Montessori math curriculum is generally introduced in the following order: (1) Number Rods (the first material to introduce to a child at about two years of age), then (2) Sandpaper Numbers, (3) Spindle Box, (4) Numbers Memory Game, followed by Odd and Even activity (also called cards and counters). You can use a traditional Montessori Numerals and Counters (like here) or you can make it yourself (you would need numbers 1-10, and 55 round counters (you can use marbles, wooden dots etc). The activity teaches obviously what odd and even number is.
Presentation: place numbers in random order on the rug since you want to make sure that your child knows numbers one through ten before introducing a concept of odd/even. You would then ask your child to set numbers from one through ten horizontally at the top of the rug.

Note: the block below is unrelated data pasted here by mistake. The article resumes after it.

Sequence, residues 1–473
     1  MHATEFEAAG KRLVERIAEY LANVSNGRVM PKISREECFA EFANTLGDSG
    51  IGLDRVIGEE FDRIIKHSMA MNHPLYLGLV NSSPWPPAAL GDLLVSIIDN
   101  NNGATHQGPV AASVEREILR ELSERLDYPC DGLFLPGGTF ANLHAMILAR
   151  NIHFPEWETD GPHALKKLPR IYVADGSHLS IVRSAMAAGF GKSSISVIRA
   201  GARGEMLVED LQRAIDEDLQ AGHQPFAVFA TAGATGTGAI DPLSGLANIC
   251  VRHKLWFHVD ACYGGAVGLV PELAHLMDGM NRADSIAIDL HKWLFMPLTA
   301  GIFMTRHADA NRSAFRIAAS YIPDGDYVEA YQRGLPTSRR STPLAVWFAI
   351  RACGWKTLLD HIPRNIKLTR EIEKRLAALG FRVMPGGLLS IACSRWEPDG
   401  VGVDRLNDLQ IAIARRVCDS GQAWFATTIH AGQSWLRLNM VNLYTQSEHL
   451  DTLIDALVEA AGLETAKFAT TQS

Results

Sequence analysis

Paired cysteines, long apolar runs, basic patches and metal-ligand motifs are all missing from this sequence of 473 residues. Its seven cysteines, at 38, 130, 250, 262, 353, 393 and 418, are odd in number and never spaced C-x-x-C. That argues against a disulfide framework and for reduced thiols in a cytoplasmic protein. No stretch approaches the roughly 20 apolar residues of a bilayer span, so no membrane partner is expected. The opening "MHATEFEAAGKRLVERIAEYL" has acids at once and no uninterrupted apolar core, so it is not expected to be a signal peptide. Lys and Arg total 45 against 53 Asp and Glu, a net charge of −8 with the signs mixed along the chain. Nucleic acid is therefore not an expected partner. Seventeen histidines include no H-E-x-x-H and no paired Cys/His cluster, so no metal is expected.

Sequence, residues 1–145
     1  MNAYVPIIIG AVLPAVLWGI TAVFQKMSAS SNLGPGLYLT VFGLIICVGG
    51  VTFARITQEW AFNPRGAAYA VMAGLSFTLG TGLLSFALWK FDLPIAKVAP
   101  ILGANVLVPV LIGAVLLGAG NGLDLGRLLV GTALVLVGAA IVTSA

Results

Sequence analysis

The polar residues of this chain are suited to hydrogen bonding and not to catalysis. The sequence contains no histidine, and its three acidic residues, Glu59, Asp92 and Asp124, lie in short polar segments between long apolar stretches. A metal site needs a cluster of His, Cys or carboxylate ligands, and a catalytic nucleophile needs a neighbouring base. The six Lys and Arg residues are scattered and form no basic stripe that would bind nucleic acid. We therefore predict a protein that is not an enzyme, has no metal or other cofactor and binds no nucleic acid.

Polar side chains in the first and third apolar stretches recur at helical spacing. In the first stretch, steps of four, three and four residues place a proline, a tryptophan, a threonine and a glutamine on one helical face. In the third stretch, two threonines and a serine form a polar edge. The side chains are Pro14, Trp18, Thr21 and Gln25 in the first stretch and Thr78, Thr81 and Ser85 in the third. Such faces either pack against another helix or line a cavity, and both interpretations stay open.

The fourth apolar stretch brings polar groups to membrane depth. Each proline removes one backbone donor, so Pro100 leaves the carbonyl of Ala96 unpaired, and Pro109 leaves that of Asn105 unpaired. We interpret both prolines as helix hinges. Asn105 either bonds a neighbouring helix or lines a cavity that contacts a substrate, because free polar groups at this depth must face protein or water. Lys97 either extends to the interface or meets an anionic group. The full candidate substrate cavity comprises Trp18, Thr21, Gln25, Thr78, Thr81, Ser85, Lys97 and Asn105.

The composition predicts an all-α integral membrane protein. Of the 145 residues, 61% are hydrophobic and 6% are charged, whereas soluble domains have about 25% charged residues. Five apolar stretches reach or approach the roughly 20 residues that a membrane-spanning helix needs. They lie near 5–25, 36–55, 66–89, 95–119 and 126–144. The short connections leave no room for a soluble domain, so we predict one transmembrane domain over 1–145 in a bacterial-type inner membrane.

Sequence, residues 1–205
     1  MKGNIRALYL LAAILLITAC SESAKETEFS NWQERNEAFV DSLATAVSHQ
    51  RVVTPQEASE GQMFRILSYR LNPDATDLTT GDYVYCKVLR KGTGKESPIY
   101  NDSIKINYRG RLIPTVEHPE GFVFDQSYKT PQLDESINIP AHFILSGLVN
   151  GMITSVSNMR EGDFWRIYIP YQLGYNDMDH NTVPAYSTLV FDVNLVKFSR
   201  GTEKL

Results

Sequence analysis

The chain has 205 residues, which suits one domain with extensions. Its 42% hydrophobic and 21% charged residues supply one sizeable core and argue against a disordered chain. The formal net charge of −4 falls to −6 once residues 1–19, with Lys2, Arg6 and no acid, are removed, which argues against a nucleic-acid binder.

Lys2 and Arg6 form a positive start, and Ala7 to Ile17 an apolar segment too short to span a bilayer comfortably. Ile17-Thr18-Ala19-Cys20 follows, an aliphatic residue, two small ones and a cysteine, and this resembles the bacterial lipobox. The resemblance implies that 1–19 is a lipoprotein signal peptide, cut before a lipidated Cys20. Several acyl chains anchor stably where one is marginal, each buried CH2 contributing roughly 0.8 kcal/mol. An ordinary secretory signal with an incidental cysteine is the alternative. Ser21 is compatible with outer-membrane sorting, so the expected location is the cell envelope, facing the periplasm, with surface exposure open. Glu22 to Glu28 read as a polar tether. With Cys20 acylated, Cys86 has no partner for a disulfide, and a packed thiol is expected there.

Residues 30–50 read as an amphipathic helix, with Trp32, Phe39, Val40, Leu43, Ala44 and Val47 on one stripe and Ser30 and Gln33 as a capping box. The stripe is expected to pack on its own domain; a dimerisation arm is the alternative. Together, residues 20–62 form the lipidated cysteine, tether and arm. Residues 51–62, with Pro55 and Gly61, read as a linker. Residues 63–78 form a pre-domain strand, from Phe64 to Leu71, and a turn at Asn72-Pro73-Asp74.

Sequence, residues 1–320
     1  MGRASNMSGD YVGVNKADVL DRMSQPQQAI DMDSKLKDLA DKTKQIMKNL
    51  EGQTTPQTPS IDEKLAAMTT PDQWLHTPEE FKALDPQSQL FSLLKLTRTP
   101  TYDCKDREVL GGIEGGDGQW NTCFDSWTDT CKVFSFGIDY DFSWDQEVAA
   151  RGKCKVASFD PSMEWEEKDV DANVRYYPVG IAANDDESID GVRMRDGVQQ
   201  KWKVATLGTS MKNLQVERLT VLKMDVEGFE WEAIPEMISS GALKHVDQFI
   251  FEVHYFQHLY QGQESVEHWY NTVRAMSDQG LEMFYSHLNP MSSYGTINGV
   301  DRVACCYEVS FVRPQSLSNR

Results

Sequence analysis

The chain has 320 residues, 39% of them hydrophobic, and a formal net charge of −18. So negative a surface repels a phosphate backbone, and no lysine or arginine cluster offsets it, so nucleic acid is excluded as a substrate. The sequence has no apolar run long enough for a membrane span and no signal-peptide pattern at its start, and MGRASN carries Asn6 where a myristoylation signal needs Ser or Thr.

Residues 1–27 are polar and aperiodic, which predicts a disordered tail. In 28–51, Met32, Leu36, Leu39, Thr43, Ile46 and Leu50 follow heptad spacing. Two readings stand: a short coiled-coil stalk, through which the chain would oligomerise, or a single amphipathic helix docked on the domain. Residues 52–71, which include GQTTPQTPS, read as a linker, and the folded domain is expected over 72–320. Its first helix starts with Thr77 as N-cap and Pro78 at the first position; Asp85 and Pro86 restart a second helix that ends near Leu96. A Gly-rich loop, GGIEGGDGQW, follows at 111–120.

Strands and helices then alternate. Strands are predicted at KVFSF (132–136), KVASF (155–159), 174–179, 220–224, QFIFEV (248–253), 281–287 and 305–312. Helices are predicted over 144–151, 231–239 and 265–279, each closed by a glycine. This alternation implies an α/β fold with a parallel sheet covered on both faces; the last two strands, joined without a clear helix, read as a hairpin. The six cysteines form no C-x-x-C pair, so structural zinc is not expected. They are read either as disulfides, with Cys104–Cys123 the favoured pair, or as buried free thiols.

You would position counters in pairs, making it obvious for your child to see when a number has a counter without a pair (on its own)- meaning that number is odd. Versus when all counters have a complete set of pairs (two friends are holding hands) that number is even.
I would suggest introducing this material not earlier than three years of age, since although concrete, this activity still introduces a very abstract concept of odd vs even. Adrian just turned 38 months, and the concept of odd and even numbers was confusing, even with all the visual counters, so I will wait a month and re-introduce it later.